The victory also inched him five points closer Hushovd in the Points Classification competition (Hushovd 260, Cavendish 235). The God of Thunder will still have to finish out of the sprint points in Paris on Sunday in order for Cavendish to reclaim the lead – an unlikely scenario, but if today taught us anything, it is to expect the unexpected.
Looking ahead to Stage Twenty
167 kilometers takes the race from Montélimar up to the epic mountaintop finish on Mont Ventoux. It will take a small miracle to knock Contador off the top of the podium on this day, but as Andy Schleck said after Verbier – he and his brother will try until they die.
Lance Armstrong will also have some beef on Bald Mountain. The last time he was there was in 2000 when he gifted Marco Pantani with the stage win – something that he has regretted ever since. If he’s got anything at all left hidden in those legs of him, expect it to come out on the steep slopes of the the Giant of Provence.
The legend of Mont Ventoux
Of the legendary mountains in the Tour de France, Mont Ventoux is among the most storied. Often called “the Giant of Provence” or “The Bald Mountain” the Tour has passed over its slopes 13 times since 1951. The French “venteux” means windy, and at an elevation of 6273 feet, the summit lives up to the name with winds blowing at 55 mph or more for 240 days a year.
As the summit approaches, the surrounding landscape becomes rocky and barren – moonlike. The sun reflects up off the exposed surface to amplify the heat of the day. It’s desolate and unforgiving.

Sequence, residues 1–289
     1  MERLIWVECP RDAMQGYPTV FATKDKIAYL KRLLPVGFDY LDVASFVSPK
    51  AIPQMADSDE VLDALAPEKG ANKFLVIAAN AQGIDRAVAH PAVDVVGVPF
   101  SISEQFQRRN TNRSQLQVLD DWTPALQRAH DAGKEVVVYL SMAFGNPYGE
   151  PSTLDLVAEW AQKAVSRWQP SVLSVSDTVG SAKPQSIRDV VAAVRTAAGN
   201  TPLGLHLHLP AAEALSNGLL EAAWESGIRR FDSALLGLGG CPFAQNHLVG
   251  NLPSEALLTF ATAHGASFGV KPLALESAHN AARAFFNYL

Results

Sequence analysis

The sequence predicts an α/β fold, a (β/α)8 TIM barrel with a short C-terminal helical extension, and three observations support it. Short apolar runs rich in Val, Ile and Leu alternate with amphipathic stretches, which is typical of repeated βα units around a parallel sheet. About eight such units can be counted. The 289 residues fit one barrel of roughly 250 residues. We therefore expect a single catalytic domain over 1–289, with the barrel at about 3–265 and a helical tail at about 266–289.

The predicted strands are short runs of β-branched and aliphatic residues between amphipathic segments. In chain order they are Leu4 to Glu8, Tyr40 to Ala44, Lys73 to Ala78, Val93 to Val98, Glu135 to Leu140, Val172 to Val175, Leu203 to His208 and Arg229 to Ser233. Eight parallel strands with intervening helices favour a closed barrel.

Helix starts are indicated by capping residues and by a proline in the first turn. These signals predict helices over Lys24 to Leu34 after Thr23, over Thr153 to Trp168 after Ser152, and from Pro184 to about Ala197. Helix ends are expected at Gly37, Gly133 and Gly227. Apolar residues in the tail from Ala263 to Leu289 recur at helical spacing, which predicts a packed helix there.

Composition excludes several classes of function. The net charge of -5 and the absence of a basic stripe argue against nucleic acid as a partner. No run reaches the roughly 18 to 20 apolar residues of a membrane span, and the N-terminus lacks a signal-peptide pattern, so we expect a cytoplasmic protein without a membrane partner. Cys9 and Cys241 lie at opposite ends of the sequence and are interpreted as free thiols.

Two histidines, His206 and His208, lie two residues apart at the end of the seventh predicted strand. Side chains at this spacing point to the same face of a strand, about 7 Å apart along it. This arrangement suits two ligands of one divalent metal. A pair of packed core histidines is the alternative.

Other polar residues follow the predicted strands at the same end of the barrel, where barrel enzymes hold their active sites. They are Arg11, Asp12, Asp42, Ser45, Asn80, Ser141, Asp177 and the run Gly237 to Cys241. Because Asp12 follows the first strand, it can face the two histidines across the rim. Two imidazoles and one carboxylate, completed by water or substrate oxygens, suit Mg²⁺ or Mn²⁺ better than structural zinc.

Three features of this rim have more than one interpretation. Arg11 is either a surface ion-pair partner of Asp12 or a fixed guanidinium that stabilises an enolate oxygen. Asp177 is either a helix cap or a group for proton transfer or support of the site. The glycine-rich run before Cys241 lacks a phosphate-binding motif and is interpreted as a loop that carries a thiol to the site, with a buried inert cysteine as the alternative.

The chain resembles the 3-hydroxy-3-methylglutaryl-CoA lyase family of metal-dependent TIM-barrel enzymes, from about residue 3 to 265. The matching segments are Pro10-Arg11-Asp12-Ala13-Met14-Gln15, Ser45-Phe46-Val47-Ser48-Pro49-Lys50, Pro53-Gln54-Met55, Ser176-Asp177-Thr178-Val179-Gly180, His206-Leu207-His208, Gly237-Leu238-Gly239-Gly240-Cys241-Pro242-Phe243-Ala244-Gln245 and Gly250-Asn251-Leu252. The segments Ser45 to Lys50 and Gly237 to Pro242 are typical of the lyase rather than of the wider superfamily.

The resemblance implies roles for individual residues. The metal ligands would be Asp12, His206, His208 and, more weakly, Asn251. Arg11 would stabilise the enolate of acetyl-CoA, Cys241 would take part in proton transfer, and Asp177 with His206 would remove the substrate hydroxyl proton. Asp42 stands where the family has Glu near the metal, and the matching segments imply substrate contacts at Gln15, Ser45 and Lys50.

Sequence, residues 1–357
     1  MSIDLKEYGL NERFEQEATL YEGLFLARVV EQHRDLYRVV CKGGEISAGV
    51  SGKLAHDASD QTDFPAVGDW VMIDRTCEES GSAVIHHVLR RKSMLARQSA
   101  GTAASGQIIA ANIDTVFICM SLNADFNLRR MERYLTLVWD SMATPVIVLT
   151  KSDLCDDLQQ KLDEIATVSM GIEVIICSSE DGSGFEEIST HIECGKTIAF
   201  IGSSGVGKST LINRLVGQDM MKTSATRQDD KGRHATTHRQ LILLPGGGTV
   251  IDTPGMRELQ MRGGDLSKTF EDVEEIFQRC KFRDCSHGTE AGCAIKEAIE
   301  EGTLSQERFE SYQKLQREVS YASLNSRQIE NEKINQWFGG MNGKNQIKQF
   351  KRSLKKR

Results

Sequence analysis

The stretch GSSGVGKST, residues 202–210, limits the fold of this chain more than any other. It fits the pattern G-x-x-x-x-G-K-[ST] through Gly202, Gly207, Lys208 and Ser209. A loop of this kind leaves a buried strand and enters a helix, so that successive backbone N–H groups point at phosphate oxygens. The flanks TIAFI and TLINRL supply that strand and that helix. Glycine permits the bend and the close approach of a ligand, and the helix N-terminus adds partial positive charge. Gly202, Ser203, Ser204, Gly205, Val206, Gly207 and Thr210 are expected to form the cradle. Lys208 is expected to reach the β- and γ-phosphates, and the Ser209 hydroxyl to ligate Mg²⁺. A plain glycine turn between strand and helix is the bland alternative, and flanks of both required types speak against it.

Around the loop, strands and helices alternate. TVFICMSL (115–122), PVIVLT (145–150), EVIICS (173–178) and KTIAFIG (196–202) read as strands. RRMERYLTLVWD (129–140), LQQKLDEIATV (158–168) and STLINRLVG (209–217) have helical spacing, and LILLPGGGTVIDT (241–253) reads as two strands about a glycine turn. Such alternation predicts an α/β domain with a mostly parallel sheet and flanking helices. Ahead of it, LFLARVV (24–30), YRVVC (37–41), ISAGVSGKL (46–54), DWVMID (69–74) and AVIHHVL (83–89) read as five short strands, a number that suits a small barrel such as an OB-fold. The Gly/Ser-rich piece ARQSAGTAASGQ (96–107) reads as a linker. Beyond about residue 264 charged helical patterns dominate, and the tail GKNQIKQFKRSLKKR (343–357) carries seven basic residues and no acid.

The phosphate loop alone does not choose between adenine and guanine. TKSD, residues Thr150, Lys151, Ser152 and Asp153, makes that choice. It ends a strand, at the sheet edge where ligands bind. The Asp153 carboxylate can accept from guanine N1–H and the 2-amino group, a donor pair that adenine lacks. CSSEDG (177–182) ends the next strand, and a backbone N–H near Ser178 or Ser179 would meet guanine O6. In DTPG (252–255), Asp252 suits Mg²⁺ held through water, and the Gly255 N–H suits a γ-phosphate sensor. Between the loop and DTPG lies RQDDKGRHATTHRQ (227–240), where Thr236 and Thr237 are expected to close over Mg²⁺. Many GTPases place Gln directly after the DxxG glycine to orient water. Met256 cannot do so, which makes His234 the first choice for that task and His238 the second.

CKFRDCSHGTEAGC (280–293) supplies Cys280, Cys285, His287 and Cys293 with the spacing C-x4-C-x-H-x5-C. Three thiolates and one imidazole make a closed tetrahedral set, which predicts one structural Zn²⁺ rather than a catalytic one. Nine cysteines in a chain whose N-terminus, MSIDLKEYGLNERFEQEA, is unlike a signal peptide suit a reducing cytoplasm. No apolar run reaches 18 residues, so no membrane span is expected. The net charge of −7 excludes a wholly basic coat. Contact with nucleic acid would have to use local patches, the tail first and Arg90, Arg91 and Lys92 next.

On on July 13, 1967 British cyclist Tom Simpson died just half a mile from the summit. Simpson perished from a combination of factors: dehydration, amphetamines, and alcohol among them (there is still some speculation as to the exact cause of his death) but his passing had a lasting effect on the Tour. There is a memorial to him near the summit that has become a kind of shrine to cycling fans across the globe.
Tomorrow the riders of the 2009 Tour de France will ride past the marble slab engraved with Simpson’s silhouette on their way to a bid for glory. It will be a sobering reminder of what it takes to win on this brutal mountain.
Stage 19 Results: Top Five Individuals
1. CAVENDISH Mark TEAM COLUMBIA - HTC 3h 50' 35"
2. HUSHOVD Thor CERVELO TEST TEAM + 00' 00"
3. CIOLEK Gerald TEAM MILRAM + 00' 00"
4. VAN AVERMAET Greg SILENCE - LOTTO + 00' 00"
5. FREIRE Oscar RABOBANK + 00' 00"
Top Ten Individual Standings (GC) after Stage 19
1. CONTADOR Alberto ASTANA 77h 06' 18"
2. SCHLECK Andy TEAM SAXO BANK + 04' 11"
3. ARMSTRONG Lance ASTANA + 05' 21"
4. WIGGINS Bradley GARMIN - SLIPSTREAM + 05' 36"
5. KLÖDEN Andréas ASTANA + 05' 38"
6. SCHLECK Frank TEAM SAXO BANK + 05' 59"
7. NIBALI Vincenzo LIQUIGAS + 07' 15"
8. VANDE VELDE Christian GARMIN - SLIPSTREAM + 10' 08"
9. LE MEVEL Christophe FRANCAISE DES JEUX + 12' 37"
10. ASTARLOZA Mikel 61 EUSKALTEL - EUSKADI + 12' 38"
Columbia-HTC Individual Standings after Stage 19
20. HINCAPIE George 128. CAVENDISH Mark
26. MONFORT Maxime 132. GRABSCH Bert
44. MARTIN Tony 147. RENSHAW Mark
50. KIRCHEN Kim 149. EISEL Bernhard
107. ROGERS Michael